If you run a business or manage a significant number of staff, you know that your attention is being pulled in a million directions at once. Did we underschedule today? Should we be hiring more? Are we going over budget? There’s always something new to deal with.
But with so many problems to solve every day to keep the business running smoothly, it’s easy to forget about the frontline employees who make it all possible. If they’re not consistently learning, growing, and getting better at their jobs, then it’s nearly impossible for the customer experience to improve over time. Even worse, if your staff are disengaged and turning over at a high rate, you’re almost certain to provide a worse experience over time, since you constantly have new people starting from scratch with no understanding of what makes your business successful.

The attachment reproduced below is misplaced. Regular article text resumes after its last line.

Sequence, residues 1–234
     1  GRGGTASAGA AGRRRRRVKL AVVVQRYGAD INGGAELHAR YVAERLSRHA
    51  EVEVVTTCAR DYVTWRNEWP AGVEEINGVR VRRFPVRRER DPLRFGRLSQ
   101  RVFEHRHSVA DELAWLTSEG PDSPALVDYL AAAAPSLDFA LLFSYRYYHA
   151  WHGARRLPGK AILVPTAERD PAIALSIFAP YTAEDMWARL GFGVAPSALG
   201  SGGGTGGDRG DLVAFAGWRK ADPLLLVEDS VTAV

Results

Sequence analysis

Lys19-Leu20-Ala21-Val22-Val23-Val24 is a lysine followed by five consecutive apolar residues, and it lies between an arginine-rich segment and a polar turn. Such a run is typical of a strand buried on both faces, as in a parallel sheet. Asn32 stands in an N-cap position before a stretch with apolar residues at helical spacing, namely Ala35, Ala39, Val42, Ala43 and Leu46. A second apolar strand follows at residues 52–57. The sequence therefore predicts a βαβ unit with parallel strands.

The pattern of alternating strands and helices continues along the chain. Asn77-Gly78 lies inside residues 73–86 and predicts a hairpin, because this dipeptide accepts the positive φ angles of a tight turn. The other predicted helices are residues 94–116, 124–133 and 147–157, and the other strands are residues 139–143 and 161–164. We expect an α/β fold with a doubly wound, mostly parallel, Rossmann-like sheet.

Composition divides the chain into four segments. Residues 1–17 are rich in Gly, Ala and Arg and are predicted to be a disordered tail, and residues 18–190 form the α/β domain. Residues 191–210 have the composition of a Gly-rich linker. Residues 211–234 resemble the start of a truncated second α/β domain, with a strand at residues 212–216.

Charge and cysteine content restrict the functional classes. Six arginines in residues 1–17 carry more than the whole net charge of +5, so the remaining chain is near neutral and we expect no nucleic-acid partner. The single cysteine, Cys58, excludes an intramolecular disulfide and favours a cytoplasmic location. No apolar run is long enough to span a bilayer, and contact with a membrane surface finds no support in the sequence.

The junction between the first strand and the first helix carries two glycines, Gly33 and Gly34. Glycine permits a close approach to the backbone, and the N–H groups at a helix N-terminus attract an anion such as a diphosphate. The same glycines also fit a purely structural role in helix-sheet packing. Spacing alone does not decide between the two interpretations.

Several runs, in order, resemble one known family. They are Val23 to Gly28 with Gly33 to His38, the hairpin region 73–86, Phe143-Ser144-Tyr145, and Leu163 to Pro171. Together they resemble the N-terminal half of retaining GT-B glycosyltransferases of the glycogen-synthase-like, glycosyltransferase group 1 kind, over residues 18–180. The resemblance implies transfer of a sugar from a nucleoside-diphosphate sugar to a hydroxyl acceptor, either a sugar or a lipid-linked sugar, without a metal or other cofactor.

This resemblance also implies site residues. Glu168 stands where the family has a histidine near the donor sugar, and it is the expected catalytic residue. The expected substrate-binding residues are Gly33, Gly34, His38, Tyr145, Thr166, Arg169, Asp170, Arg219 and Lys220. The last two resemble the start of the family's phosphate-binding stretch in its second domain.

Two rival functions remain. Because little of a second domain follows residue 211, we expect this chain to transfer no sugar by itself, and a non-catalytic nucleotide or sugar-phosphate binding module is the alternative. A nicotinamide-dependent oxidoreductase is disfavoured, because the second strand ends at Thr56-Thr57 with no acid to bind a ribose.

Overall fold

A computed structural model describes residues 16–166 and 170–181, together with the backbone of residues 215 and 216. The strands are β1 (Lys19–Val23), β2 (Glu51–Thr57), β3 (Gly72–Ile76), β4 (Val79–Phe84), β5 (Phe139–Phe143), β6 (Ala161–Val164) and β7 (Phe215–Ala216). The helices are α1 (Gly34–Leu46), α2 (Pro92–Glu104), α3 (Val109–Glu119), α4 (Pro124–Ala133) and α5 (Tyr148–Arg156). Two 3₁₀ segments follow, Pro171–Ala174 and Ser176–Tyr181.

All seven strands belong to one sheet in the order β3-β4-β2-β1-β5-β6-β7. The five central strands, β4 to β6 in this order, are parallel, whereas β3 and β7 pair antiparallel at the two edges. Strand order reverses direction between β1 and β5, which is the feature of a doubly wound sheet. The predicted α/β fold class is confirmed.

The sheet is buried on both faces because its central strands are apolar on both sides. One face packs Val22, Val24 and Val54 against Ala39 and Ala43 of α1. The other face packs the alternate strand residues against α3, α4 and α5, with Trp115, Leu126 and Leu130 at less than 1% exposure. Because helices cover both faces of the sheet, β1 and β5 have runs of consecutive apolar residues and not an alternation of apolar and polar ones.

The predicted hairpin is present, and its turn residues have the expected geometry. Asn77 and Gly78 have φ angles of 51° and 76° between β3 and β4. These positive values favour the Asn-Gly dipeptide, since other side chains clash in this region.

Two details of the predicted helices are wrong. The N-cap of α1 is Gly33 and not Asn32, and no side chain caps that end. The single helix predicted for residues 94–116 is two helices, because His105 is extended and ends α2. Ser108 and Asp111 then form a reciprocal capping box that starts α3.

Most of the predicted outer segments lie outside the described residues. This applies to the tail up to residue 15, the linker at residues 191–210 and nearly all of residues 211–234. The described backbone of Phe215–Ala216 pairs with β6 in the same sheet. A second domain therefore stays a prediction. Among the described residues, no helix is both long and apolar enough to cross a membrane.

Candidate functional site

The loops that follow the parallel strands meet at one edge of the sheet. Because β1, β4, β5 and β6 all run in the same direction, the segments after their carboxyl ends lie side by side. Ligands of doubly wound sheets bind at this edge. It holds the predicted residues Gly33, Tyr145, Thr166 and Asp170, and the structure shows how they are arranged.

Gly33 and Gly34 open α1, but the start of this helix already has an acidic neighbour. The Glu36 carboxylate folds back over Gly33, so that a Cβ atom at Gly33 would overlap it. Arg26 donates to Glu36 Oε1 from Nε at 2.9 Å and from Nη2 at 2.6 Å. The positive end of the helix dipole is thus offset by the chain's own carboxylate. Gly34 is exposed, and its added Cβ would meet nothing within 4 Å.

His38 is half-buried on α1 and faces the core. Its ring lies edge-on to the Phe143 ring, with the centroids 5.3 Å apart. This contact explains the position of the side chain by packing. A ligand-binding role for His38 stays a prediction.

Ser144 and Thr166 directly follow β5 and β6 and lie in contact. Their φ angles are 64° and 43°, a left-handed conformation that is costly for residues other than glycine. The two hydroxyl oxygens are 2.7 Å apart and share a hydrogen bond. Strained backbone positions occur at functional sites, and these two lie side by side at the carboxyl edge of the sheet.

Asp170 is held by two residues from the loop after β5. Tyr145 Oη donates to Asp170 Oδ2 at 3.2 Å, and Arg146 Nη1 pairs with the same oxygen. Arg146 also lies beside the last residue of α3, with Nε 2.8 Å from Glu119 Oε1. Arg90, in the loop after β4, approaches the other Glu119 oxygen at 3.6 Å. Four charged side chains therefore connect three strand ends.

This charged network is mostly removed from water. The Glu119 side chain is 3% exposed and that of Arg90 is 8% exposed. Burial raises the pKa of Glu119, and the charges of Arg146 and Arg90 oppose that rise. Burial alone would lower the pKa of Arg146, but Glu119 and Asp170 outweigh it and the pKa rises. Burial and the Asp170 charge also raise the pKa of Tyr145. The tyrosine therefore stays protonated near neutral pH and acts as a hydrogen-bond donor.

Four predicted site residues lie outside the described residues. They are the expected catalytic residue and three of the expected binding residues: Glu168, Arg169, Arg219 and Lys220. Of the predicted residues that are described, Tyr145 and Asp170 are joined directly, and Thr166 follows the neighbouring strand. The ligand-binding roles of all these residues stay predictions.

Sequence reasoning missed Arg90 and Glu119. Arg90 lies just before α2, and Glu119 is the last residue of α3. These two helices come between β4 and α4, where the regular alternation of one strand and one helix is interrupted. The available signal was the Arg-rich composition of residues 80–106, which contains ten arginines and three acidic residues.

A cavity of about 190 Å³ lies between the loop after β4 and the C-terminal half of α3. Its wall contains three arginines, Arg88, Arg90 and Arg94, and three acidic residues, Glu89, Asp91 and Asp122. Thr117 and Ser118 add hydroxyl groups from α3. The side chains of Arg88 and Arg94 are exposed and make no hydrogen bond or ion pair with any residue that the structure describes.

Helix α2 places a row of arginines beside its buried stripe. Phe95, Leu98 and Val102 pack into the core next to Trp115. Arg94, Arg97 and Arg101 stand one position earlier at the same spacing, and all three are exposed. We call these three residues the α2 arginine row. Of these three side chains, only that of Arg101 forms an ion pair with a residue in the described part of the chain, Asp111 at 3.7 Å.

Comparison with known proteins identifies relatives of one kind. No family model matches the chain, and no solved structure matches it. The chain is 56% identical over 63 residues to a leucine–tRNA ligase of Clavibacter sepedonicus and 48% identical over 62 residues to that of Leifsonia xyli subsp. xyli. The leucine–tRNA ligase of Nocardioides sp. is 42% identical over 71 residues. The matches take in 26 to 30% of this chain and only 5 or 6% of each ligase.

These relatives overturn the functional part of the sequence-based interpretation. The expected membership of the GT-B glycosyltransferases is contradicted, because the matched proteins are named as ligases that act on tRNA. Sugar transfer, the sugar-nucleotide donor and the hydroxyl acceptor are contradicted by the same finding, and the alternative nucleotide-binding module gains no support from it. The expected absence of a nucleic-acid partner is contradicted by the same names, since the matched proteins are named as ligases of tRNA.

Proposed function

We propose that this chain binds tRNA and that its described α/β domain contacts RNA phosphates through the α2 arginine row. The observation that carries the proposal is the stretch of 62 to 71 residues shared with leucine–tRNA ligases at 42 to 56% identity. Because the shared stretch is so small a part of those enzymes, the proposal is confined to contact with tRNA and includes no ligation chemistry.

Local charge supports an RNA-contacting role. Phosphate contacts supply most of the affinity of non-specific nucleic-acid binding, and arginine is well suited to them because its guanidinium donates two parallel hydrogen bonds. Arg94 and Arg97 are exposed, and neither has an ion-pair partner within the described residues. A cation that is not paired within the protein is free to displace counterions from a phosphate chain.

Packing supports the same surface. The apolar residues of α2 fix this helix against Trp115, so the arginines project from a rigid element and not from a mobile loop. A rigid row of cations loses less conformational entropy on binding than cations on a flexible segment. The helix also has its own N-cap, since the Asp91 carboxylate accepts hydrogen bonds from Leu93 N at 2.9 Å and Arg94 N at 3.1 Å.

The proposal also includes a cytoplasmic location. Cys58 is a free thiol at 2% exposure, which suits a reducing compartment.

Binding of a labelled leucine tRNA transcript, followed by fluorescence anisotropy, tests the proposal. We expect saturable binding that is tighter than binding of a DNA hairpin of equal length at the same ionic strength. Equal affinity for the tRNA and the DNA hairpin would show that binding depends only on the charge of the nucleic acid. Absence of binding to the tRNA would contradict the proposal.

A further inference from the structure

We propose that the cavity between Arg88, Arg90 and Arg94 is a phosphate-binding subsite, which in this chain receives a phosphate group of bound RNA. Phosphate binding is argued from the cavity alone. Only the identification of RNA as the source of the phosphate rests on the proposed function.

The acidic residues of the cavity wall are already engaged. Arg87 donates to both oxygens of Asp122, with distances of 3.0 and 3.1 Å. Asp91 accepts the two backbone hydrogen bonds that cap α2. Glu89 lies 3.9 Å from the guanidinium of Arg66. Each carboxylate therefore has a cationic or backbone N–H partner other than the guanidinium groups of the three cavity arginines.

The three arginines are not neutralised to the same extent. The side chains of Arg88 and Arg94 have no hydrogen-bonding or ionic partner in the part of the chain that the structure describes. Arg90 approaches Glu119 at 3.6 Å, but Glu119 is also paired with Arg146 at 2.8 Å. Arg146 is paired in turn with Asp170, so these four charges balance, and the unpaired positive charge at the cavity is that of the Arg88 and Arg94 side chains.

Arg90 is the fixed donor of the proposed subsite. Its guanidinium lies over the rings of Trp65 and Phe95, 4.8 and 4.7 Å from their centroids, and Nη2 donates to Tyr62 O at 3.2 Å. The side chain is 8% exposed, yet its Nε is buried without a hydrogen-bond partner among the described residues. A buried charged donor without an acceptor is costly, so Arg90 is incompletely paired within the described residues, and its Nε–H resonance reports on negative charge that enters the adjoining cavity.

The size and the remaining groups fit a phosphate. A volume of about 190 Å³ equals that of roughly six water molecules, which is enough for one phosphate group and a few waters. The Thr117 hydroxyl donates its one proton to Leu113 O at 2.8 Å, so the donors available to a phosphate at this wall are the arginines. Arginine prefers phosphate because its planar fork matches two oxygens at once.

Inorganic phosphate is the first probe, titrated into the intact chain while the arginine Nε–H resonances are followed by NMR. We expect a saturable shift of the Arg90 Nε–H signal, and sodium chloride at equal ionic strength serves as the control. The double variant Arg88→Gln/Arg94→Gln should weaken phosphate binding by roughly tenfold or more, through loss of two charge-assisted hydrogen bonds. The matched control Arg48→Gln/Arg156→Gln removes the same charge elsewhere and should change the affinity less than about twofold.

That’s the problem servant leadership looks to solve. Servant leadership is a management philosophy that reimagines the role of the boss as one who serves their team rather than leads them. Proponents argue that by focusing more on what they can do to make their team successful rather than vice versa, leaders can build a more cohesive, autonomous, motivated workforce, which will ultimately get better outcomes for the business.
What is servant leadership?
Management guru Robert K. Greenleaf came up with the servant leadership concept in a 1970 essay. The key premise is that an effective leader is a “servant first,” whose purpose is to help his team become “healthier, wiser, freer, more autonomous, more likely themselves to become servants.” Servant leaders focus on skills like empathy, listening, and community-building to inspire their team.
That’s not the traditional conception of what a leader looks like. Most imagine a cool-headed commander, expertly directing his subordinates and doling out precise orders. But servant leaders flip tradition on its head by seeking their team’s perspective, involving them in the decision-making process, and prioritizing their needs. The goal is to drive more inner motivation and sense of ownership over the company’s results for team members .